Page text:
HOPPY HANUKKAH!  by Linda Glaser
Released: Sept. 1, 2009

Sibling bunnies Violet and Simon do not remember celebrating Hanukkah last year and are excited to learn from Mama and Papa that the holiday will begin at sundown. Simon wants to light all the candles and blow them out, but Papa places the menorah in the window for all to see and explains one candle is lit each night of the week. Grandma makes delicious-smelling crispy latkes fried in oil and Grandpa teaches the dreidel game. For this rabbit family, it now truly feels like a "hoppy Hanukkah." Howarth's soft, bright illustrations of an extended floppy-eared family offer details of a Judaic home in this gentle introduction to the rituals of a traditional celebration that young families can follow as they create a Hanukkah atmosphere in their own homes. (Picture book. 2-4)Read full book review >
A WILD FATHER’S DAY by Sean Callahan
Released: March 1, 2009

When the kids give Daddy a card that says, "Have a wild Father's Day," he suggests they "act like animals all day long!" So they hop like kangaroos, stretch like cats, run like cheetahs and so on. Howarth's bright but unremarkable illustrations depict father and children in the act and then juxtapose those images with the trio transformed into the animals in question, the dad animal always sporting his specs and the children in blue baseball cap (brother) and pink sneakers (sister). The text provides descriptive accompaniment for those spreads, some more fortuitous than other—"Grapple, grapple, grapple!" seems, while accurate, a little peculiar for the bears' wrestling. It's undeniably sweet enough (if not a little too), but ultimately provides nothing particularly new. (Picture book. 3-5)Read full book review >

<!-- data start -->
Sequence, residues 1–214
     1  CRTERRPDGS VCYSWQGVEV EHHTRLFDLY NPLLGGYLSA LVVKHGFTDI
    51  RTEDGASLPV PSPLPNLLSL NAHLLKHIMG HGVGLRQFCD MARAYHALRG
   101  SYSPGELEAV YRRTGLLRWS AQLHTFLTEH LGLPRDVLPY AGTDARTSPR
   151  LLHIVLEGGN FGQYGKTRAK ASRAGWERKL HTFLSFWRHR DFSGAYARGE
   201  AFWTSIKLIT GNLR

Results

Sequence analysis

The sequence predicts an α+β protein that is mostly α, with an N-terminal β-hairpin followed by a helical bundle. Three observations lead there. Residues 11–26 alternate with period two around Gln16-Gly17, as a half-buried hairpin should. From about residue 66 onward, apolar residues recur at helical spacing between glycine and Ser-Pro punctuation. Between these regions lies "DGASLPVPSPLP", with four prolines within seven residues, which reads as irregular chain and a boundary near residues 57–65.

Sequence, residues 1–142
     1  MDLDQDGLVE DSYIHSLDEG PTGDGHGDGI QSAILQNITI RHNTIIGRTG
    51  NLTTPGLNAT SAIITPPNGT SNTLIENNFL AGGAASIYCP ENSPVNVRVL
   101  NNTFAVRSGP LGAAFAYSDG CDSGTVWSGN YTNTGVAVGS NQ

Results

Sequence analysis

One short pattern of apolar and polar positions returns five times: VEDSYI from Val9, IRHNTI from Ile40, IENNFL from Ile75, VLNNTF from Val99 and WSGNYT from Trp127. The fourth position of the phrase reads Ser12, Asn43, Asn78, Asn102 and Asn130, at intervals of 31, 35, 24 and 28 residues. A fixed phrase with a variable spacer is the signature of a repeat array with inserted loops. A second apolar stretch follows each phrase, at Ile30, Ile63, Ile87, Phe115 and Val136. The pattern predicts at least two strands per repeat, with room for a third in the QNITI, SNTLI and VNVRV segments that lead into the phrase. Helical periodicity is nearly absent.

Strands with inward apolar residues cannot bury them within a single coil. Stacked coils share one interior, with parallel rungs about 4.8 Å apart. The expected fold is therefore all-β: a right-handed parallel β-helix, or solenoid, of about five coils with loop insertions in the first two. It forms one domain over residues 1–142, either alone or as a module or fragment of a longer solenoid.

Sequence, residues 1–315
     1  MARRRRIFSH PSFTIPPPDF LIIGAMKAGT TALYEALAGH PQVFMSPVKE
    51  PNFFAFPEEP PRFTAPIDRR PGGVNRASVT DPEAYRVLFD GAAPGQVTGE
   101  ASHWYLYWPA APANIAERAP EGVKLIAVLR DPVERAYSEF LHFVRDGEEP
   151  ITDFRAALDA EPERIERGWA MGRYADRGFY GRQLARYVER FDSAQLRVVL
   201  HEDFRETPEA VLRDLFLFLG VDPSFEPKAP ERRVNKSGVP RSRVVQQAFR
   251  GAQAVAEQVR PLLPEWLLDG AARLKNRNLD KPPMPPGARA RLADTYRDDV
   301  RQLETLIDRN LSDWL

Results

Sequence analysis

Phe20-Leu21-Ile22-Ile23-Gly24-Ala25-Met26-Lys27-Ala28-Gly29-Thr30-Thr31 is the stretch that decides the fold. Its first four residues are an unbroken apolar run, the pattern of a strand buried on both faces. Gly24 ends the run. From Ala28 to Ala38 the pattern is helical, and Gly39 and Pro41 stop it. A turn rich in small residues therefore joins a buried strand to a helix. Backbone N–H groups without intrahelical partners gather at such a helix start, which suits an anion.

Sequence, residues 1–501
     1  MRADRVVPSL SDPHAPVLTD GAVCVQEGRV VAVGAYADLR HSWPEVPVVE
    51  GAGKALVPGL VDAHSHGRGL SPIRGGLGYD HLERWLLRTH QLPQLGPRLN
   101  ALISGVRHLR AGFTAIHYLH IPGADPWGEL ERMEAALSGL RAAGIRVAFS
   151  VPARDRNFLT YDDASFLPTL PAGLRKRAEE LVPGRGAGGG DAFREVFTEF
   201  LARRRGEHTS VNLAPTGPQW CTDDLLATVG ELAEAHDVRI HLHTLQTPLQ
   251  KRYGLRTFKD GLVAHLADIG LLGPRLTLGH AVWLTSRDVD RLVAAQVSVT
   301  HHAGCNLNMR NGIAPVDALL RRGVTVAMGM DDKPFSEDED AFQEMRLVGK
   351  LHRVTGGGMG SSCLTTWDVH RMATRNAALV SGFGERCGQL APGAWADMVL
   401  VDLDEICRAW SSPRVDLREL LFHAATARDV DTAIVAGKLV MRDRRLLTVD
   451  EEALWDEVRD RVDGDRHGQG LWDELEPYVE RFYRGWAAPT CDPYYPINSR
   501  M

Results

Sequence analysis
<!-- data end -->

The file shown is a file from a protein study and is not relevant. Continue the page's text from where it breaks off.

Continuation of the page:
Released: June 1, 2008

While his sleeping brothers and sisters snuggle up to mother, Little Mouse ventures out of the cozy nest to discover new smells, the brightness of daylight, a furry coated buzzing bee, flowers, the sun in the bright blue sky, a blue-and-purple butterfly, singing birds, whispering grasses, starry daisies and dewdrops on a spider's web. Wondering what all these marvels could be, Little Mouse, about to return home, meets his searching mother, who explains his discovery of the beautiful world, which is there "for everyone to share." Howarth's animated paintings depict a cuter-than-cute mouse making his way through a natural garden setting rendered in blends of green, yellow and pale blue. This latter-day Miranda's discovery of his brave new world is an undeniably feel-good story. However, the overlong and repetitious text may leave young readers—and will more certainly leave their grown-ups—wishing they'd chosen something with rather more emotional complexity, such as Martin Waddell's Tiny's Big Adventure (2004). (Picture book. 3-5)Read full book review >